Welcoming the Newbies

On Saturday we took Becky, GWA’s new Upper School Principal, to tour the downtown apartment of Dave, GWA’s new Director of Finance & Operations, and to get a tour from Dave’s rooftop of the neighborhood he is coming quickly to love – grocery store across the street, coffee shop around the corner, pâtisserie a block away, lots of restaurants with different cuisines, etc. The rooftop tour included seeing the numbered water stations – assigned like parking spaces in the garage below the building – for washing one’s sheep after killing it for the Eid al-Adha celebration coming next month, or for any other occasion (like celebrating the birth of a new child) that might require killing, cleaning, and roasting a sheep. Though Dave made two trips to Casablanca through the Spring to begin transitioning into his role and arrived permanently in early July, his apartment remains – by intentional spousal consideration – a bachelor pad while he waits for his wife to arrive from Washington State in time for next weekend’s start to our New Faculty & Staff Orientation. When we had toured with Dave and admired his very own rooftop water station, we brought them both to Grand Sud Import, our favorite place among Casablanca’s limited locations to buy wine. After stocking up, with Fareed marking Dave’s boxes with “D” and Becky’s boxes with “Bacy” and Brian’s boxes with “K” because he though Brian was another GWA administrator named Kevin, and enjoying the Moroccan tea that Fareed served us while we were there, we all went to lunch at Au Four A Bois (literally “In a Wood Oven,” a great French-named Italian restaurant by the U.S. Consulate); took Dave home; then introduced Becky to weekly shopping at Carrefour Gourmet, a mini-Casablanca version of Whole Foods and our default one-stop shopping place when we do not go to the souks and hanouts for comestibles, so that she can feel confident about basic survival in Casablanca. It was a long day of chaperoning two new members of GWA’s Senior Leadership Team through their post-arrival adjustments to Casablanca, and a good day of the same. This is what we do for “newbie” expats coming to GWA, and it gives us pleasure to do such things.

Over the next week our school community will welcome the incoming group of newbies joining us for the 2018-2019 academic year. This ritual marks the end of summer each year at GWA and international schools around the world. Following the yin of some people leaving at the end of a school year, the yang of summer’s end brings new faculty and staff for the coming year. We had about 45 newbies with us in our incoming class of new faculty and staff two years ago. Last summer, when we were one-year “veterans” who still felt like we had so much to learn, we welcomed a cohort of about 35 newbies. This summer, after working last year to improve stability and extend people’s tenures, we have only about 25 newbies arriving for our August orientation.

GWA does a great job orienting and on-boarding new faculty and staff. While many international schools offer newcomers an orientation of a couple days spent listening to policies and expectations while leaving new people to sink or swim adjusting to their expat lives, GWA spends two weeks acclimating new expats first to Morocco and Casablanca – complete with daily lessons in French and Darija, daily outings around town and even on the train for a day trip to Rabat (Morocco’s capital), and a variety of sessions about acclimating to life abroad generally and to Casablanca specifically – and next to life and school at GWA. Each day begins with a leadership reflection by someone from the Senior Leadership Team. And our HR and Staff Services folks show great care for helping our new expats adjust successfully to what will be their new home for the next two years (or more, inshallah).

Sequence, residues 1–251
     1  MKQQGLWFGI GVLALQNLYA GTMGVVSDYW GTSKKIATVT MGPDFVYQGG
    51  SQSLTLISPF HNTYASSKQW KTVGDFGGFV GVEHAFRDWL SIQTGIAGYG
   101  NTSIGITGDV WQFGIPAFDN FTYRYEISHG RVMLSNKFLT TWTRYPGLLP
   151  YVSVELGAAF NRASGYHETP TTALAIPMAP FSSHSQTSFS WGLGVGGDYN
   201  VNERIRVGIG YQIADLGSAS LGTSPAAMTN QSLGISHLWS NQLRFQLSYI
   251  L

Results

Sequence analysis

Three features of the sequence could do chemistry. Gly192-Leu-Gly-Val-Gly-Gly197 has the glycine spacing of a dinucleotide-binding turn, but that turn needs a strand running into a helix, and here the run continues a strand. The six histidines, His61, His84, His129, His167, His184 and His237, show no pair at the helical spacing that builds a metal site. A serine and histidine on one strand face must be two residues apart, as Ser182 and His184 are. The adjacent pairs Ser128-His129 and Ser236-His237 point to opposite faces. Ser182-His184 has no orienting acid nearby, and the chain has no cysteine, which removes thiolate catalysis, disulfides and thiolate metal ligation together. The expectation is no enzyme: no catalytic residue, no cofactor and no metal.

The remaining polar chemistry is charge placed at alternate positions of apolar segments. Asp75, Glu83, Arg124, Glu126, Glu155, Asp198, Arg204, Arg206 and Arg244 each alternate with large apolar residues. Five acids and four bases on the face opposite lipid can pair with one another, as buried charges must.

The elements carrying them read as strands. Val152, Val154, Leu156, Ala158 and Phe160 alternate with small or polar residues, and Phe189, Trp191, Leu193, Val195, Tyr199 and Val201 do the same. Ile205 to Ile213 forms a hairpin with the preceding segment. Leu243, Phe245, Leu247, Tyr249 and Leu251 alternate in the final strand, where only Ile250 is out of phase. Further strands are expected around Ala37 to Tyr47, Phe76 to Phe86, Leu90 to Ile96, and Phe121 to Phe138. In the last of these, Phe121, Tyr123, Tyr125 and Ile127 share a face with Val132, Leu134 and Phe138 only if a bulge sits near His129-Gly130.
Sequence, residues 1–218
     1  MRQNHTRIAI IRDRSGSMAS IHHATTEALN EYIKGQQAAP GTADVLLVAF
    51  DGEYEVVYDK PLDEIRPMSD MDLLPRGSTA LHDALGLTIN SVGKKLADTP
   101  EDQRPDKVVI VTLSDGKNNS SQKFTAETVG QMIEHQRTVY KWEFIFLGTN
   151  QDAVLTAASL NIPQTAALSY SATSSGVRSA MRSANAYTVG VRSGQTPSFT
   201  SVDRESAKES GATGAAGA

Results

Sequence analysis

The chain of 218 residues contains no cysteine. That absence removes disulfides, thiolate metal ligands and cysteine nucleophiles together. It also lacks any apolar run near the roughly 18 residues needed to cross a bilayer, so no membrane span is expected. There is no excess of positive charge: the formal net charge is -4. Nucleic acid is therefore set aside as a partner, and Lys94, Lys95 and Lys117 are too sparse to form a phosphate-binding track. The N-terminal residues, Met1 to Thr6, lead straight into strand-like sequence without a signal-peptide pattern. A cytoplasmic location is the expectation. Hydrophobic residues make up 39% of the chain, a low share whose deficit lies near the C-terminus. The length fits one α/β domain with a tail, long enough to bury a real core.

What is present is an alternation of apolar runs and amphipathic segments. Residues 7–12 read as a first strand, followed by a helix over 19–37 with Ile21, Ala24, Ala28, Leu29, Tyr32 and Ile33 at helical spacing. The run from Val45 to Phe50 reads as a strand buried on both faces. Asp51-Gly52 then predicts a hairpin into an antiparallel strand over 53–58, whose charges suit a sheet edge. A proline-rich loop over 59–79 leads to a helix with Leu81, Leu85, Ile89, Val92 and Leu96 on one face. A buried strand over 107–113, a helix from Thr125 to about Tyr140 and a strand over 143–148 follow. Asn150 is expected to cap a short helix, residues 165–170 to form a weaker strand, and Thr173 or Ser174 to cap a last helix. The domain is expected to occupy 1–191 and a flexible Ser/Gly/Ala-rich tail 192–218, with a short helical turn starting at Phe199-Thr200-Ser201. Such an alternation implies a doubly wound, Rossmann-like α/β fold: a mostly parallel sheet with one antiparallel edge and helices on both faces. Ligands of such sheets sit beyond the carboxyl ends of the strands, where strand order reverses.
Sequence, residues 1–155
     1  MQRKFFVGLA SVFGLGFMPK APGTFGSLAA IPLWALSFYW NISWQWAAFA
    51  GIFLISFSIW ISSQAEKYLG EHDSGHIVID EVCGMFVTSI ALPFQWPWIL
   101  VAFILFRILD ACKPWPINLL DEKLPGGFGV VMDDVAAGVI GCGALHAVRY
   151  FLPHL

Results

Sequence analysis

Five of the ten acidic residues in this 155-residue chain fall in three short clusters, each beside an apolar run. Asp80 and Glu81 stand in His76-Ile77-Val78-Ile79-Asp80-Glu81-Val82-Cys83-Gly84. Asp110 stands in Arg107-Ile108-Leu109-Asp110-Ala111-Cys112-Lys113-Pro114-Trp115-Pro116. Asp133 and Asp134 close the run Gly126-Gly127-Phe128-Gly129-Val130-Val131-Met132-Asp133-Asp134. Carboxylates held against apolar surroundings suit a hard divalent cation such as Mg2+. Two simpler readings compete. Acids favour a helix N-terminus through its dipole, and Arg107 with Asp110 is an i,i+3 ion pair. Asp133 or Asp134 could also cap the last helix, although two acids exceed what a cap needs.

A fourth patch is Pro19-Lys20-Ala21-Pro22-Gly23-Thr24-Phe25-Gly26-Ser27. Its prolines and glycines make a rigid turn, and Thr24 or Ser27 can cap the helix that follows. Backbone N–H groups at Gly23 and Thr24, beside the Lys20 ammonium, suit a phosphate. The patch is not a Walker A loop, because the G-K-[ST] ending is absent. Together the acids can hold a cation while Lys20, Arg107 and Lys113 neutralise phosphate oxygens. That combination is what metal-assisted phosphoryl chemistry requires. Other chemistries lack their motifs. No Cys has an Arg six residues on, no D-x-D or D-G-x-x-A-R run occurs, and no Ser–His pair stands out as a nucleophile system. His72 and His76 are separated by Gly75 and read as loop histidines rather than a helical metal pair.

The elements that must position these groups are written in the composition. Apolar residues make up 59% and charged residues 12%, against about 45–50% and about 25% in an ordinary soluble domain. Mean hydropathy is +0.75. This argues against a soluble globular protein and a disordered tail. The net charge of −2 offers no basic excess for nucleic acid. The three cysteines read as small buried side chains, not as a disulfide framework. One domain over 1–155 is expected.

This year, our Staff Services people formalized a Newbie Buddy program that had existed informally through recent memory, making sure to pair each new expat with a returning expat (or new family with a returning family) to help folks find their way to places to shop, make sure they have what they need to survive, serve as a friendly face with whom to share thoughts and concerns, and just serve as a general resource as our newbies get started as new members of our community.

We had kind people adopt us and daughter Charlotte upon our arrival two years ago, demonstrating good “pay it forward” behavior that we have replicated with our own flavor and style. With the formalization of such intentional welcoming, we volunteered to be Newbie Buddies for Dave and Becky. While the bulk of our newbies will land in Casablanca in the coming week before our August 6 startup to Orientation, Dave (coming from the U.S. where he did the same finance and ops job for multiple public school systems) arrived earlier this month and Becky (coming from an international school principalship in Shanghai, China) arrived last Monday. We fit well as their Newbie Buddies most importantly because we really like them and look forward to working with them on GWA’s Senior Leadership Team, but also because we were actually here when they each arrived, as opposed to most veterans who are still traveling or visiting friends and family during the Summer Break.